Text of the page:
Robert Vincent Chesnes (May 6, 1921 – May 23, 1979) was an American professional baseball player, a right-handed pitcher who worked in 61 games pitched in the Major Leagues from 1948 through 1950 for the Pittsburgh Pirates. The native of Oakland, California, stood 6 feet (1.8 m) tall and weighed 180 pounds (82 kg).
Chesnes entered organized baseball in 1940 as an infielder in the Class D Northeast Arkansas League. He began his conversion to full-time pitcher the following season. Then, after 1942, his professional career was interrupted by three years of service (1943–1945) in the United States Coast Guard during World War II.
Returning to baseball in 1946, he posted three highly successful consecutive seasons, including a stellar rookie year in Major League Baseball. After going 18–6 with a 1.52 earned run average in the Class C Pioneer League in 1946, Chesnes was promoted all the way to the Triple-A San Francisco Seals of the Pacific Coast League for 1947. There he won 22 games and lost eight, leading the PCL in winning percentage (.733) as well as in earned run average with a 2.32 mark. That off-season, the Pirates acquired Chesnes from the unaffiliated Seals for $100,000 and four players (including outfielder Gene Woodling and pitcher Dixie Howell).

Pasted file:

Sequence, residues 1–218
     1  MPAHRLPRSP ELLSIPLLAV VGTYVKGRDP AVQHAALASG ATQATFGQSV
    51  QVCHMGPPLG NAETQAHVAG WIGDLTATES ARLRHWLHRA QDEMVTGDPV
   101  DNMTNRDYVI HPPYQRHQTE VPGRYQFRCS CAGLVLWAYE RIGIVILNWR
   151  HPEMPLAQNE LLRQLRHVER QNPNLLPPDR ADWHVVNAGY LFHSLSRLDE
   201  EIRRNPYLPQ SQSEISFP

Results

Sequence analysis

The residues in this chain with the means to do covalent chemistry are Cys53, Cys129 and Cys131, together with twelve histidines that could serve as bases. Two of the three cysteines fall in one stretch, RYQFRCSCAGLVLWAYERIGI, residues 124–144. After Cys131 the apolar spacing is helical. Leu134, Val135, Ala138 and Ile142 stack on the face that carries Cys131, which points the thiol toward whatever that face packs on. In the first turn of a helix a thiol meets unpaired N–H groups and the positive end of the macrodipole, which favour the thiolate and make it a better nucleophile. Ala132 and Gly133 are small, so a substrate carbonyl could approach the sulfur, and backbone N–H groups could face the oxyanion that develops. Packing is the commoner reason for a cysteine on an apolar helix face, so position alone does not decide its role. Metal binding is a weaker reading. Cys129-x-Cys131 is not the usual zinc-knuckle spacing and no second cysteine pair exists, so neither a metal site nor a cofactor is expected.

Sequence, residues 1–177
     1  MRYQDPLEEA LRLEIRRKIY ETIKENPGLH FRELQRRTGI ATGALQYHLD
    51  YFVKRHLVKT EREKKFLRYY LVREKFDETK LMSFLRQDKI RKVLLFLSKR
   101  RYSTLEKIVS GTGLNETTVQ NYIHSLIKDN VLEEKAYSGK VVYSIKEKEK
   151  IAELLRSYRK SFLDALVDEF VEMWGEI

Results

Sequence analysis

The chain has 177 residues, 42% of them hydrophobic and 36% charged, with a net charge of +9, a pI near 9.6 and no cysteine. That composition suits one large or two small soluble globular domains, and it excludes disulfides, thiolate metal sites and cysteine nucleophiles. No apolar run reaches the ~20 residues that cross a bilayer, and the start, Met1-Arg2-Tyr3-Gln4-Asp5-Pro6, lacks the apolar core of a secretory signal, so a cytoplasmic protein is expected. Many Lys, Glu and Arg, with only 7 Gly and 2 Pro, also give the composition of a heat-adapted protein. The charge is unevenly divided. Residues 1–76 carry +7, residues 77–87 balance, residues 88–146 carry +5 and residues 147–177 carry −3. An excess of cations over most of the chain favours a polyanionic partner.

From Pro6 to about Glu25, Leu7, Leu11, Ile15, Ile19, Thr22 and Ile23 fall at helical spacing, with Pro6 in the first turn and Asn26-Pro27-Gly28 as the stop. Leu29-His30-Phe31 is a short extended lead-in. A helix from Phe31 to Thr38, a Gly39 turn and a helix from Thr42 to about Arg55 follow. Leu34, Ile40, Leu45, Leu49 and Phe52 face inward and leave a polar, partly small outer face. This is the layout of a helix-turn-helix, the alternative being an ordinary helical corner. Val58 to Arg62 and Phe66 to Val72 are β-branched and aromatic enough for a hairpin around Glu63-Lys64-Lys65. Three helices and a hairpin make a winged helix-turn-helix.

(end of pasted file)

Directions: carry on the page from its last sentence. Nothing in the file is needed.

Chesnes made his MLB debut on his 27th birthday in relief against the New York Giants, but soon became a starting pitcher in the Pittsburgh rotation. He won 14 of 20 decisions with 15 complete games and a solid earned run average of 3.57, as the Pirates climbed into the National League's first division. His 14 victories led the Bucs, and the switch-hitting former infielder also batted a strong .275 in 98 at bats, best among Pirate pitchers. But Chesnes' final two seasons in Pittsburgh were plagued by arm miseries. He went only 10–16 during 1949–1950 and his ERA ballooned to a composite 5.81. Chesnes spent part of 1950 and all of 1951 in the minor leagues before leaving the game.
All told, he allowed 377 hits and 189 bases on balls with 130 strikeouts in 378⅔ innings pitched during his MLB career, with one shutout and one save. As a hitter, Chesnes had a lifetime batting average of .256, with two home runs and 15 runs batted in.
By Dean Hanley
Page : 1